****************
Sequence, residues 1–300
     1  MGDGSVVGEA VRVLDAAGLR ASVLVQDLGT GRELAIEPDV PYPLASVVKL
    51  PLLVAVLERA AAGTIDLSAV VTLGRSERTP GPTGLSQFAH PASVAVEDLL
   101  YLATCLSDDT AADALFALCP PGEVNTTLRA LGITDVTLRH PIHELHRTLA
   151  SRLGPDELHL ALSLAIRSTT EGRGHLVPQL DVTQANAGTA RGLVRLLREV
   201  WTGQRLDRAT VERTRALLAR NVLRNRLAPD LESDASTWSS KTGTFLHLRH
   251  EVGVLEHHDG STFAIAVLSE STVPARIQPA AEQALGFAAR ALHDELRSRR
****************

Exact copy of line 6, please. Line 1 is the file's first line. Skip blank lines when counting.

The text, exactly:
   201  WTGQRLDRAT VERTRALLAR NVLRNRLAPD LESDASTWSS KTGTFLHLRH